Set my sights on Monday
There is a certain kind of comfort in morning ritual. In waking up slowly and eating quickly. Standing in the bathroom with wet hair and feet pressed against cold tile listening to the rasp of a razor across your check. There is a kind of comfort in that. I suppose mostly I get satisfaction from such things because not much else can be placed shelves and forgotten about only to be revisited the next morning when they are needed again. This things are independent, indifferent to what drives me to daily stand and shift my weight in a graceful sort of dance while I scrape the blade across my cheek or rake the bristles past my teeth.
The only other place I have found such brash disconnection from the current, from truths which drive other things, is between the covers of books that line shelves or serve as coasters on a desk piled high with them. Open a book anytime and it will unabashedly tell the same story it has always told. Men, with all our might, will try to bend the words to mean something which they didn't not mean when they were written. We will try, but a book can resist simply by refusing to say anything other than what it always has. There is a kind of comfort in that too.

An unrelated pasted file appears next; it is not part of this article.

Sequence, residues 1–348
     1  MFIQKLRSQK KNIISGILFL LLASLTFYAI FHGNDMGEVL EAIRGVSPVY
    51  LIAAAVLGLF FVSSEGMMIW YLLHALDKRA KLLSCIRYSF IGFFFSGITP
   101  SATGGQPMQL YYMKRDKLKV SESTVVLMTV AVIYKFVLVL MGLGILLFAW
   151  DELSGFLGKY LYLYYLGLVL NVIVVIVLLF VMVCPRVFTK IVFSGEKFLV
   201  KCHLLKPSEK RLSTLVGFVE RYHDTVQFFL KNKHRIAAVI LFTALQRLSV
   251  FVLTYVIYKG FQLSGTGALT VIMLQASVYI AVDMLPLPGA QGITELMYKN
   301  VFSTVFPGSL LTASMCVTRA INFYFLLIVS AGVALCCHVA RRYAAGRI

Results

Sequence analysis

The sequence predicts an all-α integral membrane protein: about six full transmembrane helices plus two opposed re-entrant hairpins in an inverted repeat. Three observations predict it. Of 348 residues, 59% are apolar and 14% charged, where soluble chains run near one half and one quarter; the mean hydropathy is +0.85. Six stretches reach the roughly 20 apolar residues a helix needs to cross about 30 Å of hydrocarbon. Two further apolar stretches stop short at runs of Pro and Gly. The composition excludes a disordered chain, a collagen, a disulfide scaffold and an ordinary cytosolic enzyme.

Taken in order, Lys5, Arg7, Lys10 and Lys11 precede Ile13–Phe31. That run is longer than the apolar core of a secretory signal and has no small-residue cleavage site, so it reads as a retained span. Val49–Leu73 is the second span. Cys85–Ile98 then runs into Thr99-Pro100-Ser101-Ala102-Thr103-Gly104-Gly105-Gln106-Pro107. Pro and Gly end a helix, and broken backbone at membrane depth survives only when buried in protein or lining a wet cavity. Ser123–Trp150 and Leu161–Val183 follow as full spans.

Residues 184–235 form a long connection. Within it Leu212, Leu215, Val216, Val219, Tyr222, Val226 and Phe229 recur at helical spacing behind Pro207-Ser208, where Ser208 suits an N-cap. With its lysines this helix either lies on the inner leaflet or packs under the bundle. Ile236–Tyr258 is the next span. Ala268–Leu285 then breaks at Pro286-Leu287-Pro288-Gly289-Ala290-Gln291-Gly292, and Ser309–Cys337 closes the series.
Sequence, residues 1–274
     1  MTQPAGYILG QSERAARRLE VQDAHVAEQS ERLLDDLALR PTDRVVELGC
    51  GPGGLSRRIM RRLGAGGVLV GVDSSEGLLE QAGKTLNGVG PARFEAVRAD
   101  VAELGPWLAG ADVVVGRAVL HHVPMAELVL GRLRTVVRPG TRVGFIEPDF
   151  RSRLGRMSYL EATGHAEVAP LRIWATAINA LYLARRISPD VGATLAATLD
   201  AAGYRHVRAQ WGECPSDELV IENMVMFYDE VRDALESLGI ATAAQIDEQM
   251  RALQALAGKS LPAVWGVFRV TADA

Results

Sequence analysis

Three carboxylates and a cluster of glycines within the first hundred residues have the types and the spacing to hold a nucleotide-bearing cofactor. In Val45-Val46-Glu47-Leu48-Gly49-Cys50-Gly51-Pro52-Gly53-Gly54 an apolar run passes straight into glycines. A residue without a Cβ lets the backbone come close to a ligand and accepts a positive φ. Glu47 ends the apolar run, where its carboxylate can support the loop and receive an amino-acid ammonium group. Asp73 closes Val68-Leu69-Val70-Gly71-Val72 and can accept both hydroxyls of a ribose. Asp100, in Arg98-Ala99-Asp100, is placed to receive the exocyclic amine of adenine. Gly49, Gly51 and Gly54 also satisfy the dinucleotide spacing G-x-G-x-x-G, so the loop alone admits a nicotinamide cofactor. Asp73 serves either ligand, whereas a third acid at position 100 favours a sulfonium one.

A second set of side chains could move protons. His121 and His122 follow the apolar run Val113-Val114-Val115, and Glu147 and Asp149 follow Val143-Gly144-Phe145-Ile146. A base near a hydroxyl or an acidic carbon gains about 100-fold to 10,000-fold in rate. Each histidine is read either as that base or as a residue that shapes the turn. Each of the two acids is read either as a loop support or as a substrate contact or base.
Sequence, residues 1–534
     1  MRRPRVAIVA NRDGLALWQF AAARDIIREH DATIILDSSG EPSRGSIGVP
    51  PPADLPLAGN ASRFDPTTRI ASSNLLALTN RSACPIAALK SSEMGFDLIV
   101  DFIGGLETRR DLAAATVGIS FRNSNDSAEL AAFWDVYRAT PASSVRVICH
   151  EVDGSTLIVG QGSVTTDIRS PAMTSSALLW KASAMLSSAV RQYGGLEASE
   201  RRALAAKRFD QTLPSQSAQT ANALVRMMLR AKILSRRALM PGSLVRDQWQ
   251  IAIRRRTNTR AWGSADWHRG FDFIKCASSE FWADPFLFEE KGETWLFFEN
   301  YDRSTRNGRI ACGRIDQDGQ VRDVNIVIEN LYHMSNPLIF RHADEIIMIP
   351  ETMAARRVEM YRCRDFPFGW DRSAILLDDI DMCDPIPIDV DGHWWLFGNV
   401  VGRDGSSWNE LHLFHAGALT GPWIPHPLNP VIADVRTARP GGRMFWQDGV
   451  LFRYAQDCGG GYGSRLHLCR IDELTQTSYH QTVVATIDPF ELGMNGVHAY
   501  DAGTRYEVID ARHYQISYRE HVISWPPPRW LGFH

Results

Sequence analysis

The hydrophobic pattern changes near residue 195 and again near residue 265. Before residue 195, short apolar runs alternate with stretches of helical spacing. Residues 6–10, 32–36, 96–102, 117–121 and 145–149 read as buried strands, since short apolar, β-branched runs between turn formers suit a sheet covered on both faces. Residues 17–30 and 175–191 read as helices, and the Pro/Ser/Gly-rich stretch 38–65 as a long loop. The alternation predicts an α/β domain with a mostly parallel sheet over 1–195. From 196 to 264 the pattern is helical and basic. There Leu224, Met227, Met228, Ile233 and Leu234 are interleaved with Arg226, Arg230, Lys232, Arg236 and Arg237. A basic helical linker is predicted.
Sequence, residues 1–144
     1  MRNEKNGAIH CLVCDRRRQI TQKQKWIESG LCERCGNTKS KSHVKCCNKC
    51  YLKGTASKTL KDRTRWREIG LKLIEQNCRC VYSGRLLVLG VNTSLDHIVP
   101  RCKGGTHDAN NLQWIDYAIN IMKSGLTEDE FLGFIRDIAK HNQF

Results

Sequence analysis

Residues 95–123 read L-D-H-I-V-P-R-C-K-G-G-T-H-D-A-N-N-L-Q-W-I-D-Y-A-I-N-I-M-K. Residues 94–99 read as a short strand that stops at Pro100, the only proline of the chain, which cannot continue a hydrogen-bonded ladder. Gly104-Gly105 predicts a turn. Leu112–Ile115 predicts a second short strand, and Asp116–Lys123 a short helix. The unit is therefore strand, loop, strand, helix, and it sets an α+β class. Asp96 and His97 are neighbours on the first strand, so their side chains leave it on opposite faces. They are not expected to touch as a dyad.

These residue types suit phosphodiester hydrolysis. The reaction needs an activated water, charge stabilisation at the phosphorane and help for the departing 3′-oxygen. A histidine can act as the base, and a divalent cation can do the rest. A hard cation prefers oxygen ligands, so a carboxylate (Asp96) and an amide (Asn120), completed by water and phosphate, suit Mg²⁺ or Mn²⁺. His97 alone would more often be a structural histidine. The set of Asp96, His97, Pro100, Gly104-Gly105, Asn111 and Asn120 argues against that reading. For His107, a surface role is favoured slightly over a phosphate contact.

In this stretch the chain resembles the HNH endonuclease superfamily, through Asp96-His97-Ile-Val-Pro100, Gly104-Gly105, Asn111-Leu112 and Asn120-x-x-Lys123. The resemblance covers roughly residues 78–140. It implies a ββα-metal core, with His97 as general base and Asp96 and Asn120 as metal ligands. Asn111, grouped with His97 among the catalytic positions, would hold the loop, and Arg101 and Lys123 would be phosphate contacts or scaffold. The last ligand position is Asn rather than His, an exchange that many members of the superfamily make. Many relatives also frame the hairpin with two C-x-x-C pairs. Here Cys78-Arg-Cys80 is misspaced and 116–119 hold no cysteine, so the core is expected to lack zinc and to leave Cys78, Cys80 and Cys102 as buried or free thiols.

Regardless of the comfort of morning ritual it is not easy to drag yourself out of bed on a Monday morning. Focusing my thoughts away from their wondering is never easy either. My thoughts seem too...no, no! Focus Henry, focus. Okay. There we are. I stand up slowly and padded into the shower. I turn the knob all the way to hot and return to bed for a few more minutes. It is a habit I gained in my college days, when the water didn't come out hot for many minutes. The water here is always hot, but the habit is justifiable, I get a bit more sleep. The snooze alarm sounds, and I return to the bathroom for my shower.
I always take 7-minute showers. I do not time them. I dated a woman once, that is to say I slept with a woman once, that said you could set a watch to the time I spent in the bathroom. That came in handy I suppose. One morning I got up to shower and shave and dress. When I came out she and all her belongings were gone. A perfect get away, facilitated by my schedule. Convenient. I am doing it again; having a conversation with myself. This cannot be normal. I step into the hot spray.